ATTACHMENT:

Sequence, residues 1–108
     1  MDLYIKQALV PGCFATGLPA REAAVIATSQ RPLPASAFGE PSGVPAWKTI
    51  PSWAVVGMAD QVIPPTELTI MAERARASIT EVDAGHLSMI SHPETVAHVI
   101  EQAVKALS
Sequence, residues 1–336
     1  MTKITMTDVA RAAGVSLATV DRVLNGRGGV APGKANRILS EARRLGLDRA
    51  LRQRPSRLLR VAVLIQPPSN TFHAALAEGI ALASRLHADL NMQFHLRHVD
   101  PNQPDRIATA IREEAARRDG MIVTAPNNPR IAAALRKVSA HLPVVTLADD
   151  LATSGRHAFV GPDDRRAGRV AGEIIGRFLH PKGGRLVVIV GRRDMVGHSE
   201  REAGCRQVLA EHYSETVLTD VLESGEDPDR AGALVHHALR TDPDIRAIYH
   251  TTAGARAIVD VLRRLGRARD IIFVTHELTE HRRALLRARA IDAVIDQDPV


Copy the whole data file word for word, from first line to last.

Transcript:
Sequence, residues 1–108
     1  MDLYIKQALV PGCFATGLPA REAAVIATSQ RPLPASAFGE PSGVPAWKTI
    51  PSWAVVGMAD QVIPPTELTI MAERARASIT EVDAGHLSMI SHPETVAHVI
   101  EQAVKALS
Sequence, residues 1–336
     1  MTKITMTDVA RAAGVSLATV DRVLNGRGGV APGKANRILS EARRLGLDRA
    51  LRQRPSRLLR VAVLIQPPSN TFHAALAEGI ALASRLHADL NMQFHLRHVD
   101  PNQPDRIATA IREEAARRDG MIVTAPNNPR IAAALRKVSA HLPVVTLADD
   151  LATSGRHAFV GPDDRRAGRV AGEIIGRFLH PKGGRLVVIV GRRDMVGHSE
   201  REAGCRQVLA EHYSETVLTD VLESGEDPDR AGALVHHALR TDPDIRAIYH
   251  TTAGARAIVD VLRRLGRARD IIFVTHELTE HRRALLRARA IDAVIDQDPV